‘De Stijl’ architecture

Tuesday, 07.03.2017

It was during a business trip that I went to the BOZAR (Paleis voor Schone Kunsten) in Brussels to see the exhibition ‘Theo van Doesburg: A New Expression of Life, Art and Technology’ (26 February – 29 May 2016); see www.bozar.be/en/activities/103881-theo-van-doesburg

Exhibition Poster showing Theo van Doesburg's Counter-Composition XIII (oil on canvas, 1925–26, Peggy Guggenheim Collection, Venice)

Exhibition Poster showing Theo van Doesburg’s Counter-Composition XIII (oil on canvas, 1925–26, Peggy Guggenheim Collection, Venice)

The exhibition was focused on a movement called ‘De Stijl’ which was founded by Theo van Doesburg and Piet Mondrian in The Netherlands in 1917. Piet Mondrian’s abstract paintings and Gerrit Rietveld’s ‘Red-Blue Chair’ are probably the most well known images of ‘De Stijl’ and have since become icons of twentieth century art. However, it was Theo van Doesburg who made this pioneering visual language not only appear in paintings such as his ‘Counter-Composition XIII’ but also in his buildings, furniture and interiors. In Weimar, he presented his new awareness of beauty to the Bauhaus architects.

In architecture, van Doesburg’s desire was to destroy the static aspect of a building. He wanted to replace the heaviness and confinement of walls with rhythmic and colourful animation. Van Doesburg created several architectural models together with Cornelis van Eesteren between the years 1923 and 1925. The most important aspect of this architecture is the asymmetry of volumes. This was achieved through creating axonometric views. These views show an object from a skew direction in order to reveal more than one side in the same picture. The asymmetry re-inforces the lightness and flexibility of the walls underlined by dynamic colours. This is superbly illustrated in the drawing for a ‘private house’ from 1923. An example that was actually built is Gerrit Rietveld’s  ‘Schröder house’ in Utrecht from 1924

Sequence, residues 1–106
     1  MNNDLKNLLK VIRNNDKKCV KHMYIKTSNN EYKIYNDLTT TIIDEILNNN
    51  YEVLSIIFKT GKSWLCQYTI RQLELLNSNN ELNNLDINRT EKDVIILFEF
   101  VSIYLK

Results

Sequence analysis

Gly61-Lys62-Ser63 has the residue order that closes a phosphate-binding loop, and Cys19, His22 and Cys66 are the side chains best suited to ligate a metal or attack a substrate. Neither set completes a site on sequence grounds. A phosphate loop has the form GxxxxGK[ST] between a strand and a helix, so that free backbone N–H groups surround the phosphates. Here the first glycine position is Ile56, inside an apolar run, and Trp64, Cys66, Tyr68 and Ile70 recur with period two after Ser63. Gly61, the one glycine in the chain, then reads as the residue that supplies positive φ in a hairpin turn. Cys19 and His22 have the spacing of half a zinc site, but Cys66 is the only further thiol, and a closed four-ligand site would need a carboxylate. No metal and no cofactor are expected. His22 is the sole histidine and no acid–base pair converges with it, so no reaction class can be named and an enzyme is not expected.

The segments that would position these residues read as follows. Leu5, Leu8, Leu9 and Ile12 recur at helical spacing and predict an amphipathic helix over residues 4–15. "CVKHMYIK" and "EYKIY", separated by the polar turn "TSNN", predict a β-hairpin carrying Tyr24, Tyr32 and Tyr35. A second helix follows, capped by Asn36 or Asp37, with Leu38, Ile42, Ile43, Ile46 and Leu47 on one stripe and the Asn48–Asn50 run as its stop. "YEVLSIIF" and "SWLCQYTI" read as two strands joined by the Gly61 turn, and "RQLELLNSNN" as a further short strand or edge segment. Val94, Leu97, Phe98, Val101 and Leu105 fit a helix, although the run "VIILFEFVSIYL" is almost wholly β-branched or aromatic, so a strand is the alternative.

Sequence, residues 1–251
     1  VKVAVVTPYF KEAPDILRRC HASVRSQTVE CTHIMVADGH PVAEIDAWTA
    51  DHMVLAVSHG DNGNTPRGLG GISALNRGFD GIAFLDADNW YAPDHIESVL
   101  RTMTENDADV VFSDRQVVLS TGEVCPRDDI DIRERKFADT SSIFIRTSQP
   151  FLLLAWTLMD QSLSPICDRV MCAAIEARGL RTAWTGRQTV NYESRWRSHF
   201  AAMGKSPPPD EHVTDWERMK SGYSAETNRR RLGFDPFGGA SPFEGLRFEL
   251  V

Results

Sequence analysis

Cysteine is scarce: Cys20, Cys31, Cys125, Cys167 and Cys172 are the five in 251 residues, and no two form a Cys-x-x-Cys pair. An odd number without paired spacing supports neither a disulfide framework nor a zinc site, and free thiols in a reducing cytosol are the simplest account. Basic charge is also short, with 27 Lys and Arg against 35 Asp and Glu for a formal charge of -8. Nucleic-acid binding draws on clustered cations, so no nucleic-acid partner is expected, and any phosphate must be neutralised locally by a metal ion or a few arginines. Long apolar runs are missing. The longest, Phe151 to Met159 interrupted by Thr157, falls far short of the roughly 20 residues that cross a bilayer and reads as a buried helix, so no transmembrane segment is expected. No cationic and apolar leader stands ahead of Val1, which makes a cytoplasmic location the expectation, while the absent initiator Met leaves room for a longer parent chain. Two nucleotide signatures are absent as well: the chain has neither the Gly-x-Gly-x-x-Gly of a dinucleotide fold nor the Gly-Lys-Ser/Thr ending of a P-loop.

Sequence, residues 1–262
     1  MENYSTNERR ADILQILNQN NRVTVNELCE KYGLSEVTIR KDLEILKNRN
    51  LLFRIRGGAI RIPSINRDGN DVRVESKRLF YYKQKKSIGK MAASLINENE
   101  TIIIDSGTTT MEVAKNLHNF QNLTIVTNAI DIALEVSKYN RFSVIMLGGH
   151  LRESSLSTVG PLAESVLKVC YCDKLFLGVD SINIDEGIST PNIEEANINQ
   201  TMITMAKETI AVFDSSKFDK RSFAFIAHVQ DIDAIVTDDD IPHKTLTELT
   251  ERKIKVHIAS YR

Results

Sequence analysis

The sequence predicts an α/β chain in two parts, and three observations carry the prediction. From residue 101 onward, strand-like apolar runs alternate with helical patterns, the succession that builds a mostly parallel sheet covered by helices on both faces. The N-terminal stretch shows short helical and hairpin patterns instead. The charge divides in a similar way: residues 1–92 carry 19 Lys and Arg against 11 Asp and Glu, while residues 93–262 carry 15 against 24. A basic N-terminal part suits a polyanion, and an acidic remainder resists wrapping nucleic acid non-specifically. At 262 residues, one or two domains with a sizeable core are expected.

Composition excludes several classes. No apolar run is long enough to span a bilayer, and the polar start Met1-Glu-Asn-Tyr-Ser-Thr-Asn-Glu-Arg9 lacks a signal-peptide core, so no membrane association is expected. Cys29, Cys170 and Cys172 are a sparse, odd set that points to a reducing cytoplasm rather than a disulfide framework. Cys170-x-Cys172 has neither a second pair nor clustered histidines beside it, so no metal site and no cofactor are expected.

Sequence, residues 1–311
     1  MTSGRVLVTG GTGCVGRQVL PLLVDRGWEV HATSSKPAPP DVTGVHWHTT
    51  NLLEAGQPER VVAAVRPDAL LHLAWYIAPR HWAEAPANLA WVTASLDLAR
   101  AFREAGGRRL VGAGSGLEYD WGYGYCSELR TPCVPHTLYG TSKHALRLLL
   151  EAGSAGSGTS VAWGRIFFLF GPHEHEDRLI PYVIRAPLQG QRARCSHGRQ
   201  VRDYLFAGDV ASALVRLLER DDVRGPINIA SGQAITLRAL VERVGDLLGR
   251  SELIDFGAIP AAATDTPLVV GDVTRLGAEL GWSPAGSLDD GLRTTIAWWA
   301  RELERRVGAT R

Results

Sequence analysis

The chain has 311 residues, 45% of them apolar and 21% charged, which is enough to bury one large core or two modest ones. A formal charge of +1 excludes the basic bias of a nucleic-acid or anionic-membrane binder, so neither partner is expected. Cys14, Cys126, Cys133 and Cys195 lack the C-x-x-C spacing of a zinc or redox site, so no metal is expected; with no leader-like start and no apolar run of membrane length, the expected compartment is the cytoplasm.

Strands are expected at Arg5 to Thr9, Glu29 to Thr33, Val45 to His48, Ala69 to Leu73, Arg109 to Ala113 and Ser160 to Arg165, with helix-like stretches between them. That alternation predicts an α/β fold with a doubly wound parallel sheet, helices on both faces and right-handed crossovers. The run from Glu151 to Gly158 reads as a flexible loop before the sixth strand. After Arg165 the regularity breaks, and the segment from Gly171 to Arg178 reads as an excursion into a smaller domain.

Theo van Doesburg, Axonometric projection of a private house (Indian ink, gouache and collage on paper, 1923, Nieuwe Instituut collection, Rotterdam)

Theo van Doesburg, Axonometric projection of a private house (Indian ink, gouache and collage on paper, 1923, Nieuwe Instituut collection, Rotterdam)

Theo van Doesburg, Studio House, Meudon, 1930 (model from 1982, Nieuwe Instituut collection, Rotterdam)

Theo van Doesburg, Studio House, Meudon, 1930 (model from 1982, Nieuwe Instituut collection, Rotterdam)

Gerrit Rietveld, Schröder House, Utrecht, 1924 (model from 1987, Centraal Museum, Utrecht)

Gerrit Rietveld, Schröder House, Utrecht, 1924 (model from 1987, Centraal Museum, Utrecht)

Van Doesburg also designed the interior of the Aubette cafe, restaurant and dance hall in 1927-28. The artist wrote ‘The spatio-temporal painting of the twentieth century with its plastic and structuring possibilities, allows the artist to achieve the dream of placing man not in front of, but inside the painting itself.’

Theo van Doesburg, Interior of the Cine- Dancing of the Aubette, 1927-28, Strasbourg (reconstruction from 1968, VanAbbemuseum, Eindhoven)

Theo van Doesburg, Interior of the Cine- Dancing of the Aubette, 1927-28, Strasbourg (reconstruction from 1968, VanAbbemuseum, Eindhoven)

aubette2